Medium format Panoramic Home brew


I really like the look of panoramic images and the way it forces you to think differently about composition.  So while I’ve had a few 35mm faux panoramic cameras I wanted a medium format one.  Rather than spending a lot of money I though why not make my own from what I had on hand.  The key component that even makes an idea like that feasible is that I was given a Schneider Kreuznach Angulon 90mm f6.8 lens and shutter a few years back.  Around this vital element I gathered my other parts.  There is a sliding rail from a Minolta macro bellows, the bellows from a Polaroid Pack camera I had altered into the Frankenroid , the film holders and winders and mask from a defunct Agfa Medium format camera, an empty pack of Polaroid Captiva film and a bunch of ABS plastic.


The other thing to the endeavor was that I was on a timeline, wanting it for a photography trip.  As it turned out the timeline was a little too tight and the camera was not so tight. The result was the film was mostly fogged by light leaks to the point of ‘unscanability’.  The other thing that happened was that in my haste I neglected to put a take up spool back in so when it came time to actually load the film there was nothing to wind it onto.  Fortunately necessity being the mother of invention I was able to make a take up spool from some copper wire and tape.

Takeup_001 Takeup_002

Its deceptively hard to bend copper wire into a meaningful shape at the ends.


Going back to the construction of the camera, the pieces of abs plastic were cut from flat material of various thicknesses and then fused together using Methylene chloroide as the solvent.  I found that the easiest way to cut sheets of ABS was to score it on both sides with a xacto knife and then to break it along that seem.  Another little trick that I came up with centered around drilling small holes into the plastic without a drill that could hold such small bits.  I searched the internet for a solution but finding nothing that didn’t involve buying something expensive this was my solution.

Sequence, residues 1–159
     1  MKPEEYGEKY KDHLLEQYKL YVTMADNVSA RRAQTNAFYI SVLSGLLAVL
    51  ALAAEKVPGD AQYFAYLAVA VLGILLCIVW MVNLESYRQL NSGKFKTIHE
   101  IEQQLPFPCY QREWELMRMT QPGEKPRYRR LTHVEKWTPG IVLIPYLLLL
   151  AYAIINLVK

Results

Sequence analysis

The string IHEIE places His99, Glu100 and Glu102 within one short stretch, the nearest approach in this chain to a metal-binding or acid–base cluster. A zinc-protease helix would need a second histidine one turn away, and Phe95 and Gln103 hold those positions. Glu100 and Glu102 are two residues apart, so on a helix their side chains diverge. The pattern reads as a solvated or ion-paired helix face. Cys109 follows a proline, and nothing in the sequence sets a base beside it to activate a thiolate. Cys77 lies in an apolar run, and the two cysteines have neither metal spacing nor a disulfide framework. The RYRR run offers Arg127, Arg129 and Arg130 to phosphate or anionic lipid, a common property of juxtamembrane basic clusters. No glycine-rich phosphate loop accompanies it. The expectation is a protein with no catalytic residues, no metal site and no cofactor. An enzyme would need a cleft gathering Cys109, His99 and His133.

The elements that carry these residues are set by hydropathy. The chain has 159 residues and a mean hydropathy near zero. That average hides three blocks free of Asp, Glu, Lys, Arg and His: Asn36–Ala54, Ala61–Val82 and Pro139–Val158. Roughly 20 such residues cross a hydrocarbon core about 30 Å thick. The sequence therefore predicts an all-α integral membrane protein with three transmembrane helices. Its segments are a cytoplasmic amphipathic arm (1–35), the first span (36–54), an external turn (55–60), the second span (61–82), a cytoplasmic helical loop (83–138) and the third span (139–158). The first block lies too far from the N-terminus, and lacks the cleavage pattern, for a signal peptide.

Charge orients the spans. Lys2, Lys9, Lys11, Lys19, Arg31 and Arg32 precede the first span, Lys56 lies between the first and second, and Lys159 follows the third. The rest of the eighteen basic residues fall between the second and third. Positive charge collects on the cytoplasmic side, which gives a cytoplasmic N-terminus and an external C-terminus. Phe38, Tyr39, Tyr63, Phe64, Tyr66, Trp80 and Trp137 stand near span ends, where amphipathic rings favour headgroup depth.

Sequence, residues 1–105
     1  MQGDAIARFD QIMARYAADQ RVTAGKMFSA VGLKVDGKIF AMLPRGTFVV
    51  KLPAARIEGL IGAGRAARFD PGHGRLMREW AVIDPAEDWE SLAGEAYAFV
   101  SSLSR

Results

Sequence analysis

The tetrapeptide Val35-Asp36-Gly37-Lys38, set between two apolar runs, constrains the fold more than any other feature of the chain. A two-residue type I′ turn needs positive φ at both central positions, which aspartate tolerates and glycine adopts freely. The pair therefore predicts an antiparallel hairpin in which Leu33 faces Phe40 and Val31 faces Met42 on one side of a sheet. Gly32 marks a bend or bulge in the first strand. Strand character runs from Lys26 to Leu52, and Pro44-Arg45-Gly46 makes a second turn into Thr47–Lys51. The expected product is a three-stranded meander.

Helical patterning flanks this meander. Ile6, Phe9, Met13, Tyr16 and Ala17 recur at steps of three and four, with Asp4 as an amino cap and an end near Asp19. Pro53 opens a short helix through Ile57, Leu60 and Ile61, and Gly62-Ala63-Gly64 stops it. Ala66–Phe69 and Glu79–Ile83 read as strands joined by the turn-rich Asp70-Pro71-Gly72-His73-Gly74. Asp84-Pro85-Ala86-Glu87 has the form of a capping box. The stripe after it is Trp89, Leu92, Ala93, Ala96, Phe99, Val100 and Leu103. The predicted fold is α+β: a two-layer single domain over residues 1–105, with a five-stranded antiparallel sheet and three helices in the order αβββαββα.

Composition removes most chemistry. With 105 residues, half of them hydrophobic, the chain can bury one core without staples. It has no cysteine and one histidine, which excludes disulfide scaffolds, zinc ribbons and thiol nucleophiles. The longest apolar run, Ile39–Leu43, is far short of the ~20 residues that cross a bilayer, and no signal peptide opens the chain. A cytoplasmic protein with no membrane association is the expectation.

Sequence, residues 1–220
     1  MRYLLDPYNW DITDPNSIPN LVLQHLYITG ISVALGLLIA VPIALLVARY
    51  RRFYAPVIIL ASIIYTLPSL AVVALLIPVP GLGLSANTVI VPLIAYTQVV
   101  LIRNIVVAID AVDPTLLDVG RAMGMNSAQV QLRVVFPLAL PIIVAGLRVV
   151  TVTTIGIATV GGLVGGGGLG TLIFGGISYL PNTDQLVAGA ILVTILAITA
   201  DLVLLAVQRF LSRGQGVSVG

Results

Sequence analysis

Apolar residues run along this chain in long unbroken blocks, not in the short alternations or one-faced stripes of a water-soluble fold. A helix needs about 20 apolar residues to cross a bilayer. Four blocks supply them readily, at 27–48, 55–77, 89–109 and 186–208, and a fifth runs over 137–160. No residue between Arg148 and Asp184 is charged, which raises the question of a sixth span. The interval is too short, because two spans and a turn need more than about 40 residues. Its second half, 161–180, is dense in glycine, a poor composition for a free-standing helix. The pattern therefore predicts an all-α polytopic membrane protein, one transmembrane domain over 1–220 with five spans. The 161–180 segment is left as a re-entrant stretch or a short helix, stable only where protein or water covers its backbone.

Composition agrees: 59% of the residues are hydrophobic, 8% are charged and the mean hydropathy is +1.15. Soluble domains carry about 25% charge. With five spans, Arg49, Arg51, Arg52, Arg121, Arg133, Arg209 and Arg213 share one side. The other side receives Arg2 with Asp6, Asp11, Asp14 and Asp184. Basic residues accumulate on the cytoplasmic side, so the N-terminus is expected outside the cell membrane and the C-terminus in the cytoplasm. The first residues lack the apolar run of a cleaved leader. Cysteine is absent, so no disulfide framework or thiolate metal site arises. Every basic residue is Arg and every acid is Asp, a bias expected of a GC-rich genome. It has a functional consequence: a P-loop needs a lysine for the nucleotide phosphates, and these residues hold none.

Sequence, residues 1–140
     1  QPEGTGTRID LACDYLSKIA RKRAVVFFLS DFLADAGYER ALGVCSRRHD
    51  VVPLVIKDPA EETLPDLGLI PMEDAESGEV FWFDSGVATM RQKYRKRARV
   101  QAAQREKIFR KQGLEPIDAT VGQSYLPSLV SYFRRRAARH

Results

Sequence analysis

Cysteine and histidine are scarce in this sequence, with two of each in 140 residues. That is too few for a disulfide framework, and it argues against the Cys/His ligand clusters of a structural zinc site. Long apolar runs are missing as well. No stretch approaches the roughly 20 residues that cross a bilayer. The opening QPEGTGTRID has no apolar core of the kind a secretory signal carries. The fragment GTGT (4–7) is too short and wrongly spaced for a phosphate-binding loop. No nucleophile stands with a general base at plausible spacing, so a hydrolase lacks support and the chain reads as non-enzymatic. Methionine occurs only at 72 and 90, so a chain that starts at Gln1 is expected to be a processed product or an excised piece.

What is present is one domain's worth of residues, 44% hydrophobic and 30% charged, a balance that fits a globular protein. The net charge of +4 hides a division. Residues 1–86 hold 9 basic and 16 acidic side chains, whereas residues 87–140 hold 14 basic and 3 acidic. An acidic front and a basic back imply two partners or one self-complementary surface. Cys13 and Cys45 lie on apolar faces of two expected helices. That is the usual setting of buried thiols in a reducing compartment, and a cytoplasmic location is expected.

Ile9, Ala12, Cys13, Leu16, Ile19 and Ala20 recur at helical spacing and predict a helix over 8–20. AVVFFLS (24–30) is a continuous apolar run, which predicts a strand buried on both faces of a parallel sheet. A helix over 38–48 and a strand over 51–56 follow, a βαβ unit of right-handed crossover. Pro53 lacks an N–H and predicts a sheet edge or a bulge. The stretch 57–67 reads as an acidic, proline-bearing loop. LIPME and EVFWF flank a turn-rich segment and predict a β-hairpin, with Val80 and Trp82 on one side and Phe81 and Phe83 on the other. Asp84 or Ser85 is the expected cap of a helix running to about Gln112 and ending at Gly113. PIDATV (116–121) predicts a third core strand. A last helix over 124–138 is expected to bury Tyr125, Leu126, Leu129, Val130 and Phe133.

Take the bit and wrap its base tightly with a rubber band making sure to keep it as even from side to side as possible.  When the band is almost all on twist the remaining amount once and then pop it over the end of the bit to stop it fom unraveling.  Now its just a matter of inserting it into the drill chuck and testing it for being centered.  It may take a couple attempts with loading it into the drill just spin it around until your satisfied that it runs true.


Because I built the camera in just over a week I didn’t record much of the figuring and work and its really a one off in any case but here are a few of the components that I had to make or alter.

bellowsThe end of the bellows was too thick to accept the lens so it was necessary to file it down by a considerable amount, a tedious process I did by hand with files.


I made this brass plate to mate the Polaroid bellows to the lens


The springs from the Captiva film pack with some slight modifications became the spring for the film pressure plate you can also see the hole for the film number indication.  Its position is such that you wind on odd numbers 1,3,5,7,9 as the area is double that of a 6×6 frame.

In order to determine how to set the focus of the camera I took it outside with a long tape measure and a flag to focus on.  I placed a piece of ground glass at the same plane as the film sits and started the process of moving the lens in and out to focus at various distances and then record the result to make a focus chart. focus001 focus002 focus003

Small changes in distance for the lens had huge effects on focus so it became clear that I needed to use an accurate method of measuring even in the field later.  For this I chose to use a digital micrometer.



The viewfinder was a last minute addition made from the case of a broken flash and the viewfinder from a 28mm point and shoot camera and electrical tape.  It served its function.  By this time I had run out of time before it was time to go and try the camera.  It was with a little hope that I thought there was a possibility that the way the back was constructed with a lip that sat against a raised edge inside the camera  enough light would be kept out of the camera, nope.  Out of the entire roll I managed to recover one image that was discernable and that was likely because it was the first one before the full brightness of the day.


So the next step is to make the back of the camera light tight.  The rest of the camera is fine as I used a black silicone around any edges that could have any possibility of leaks.  And remember a take up spool that’s important too.





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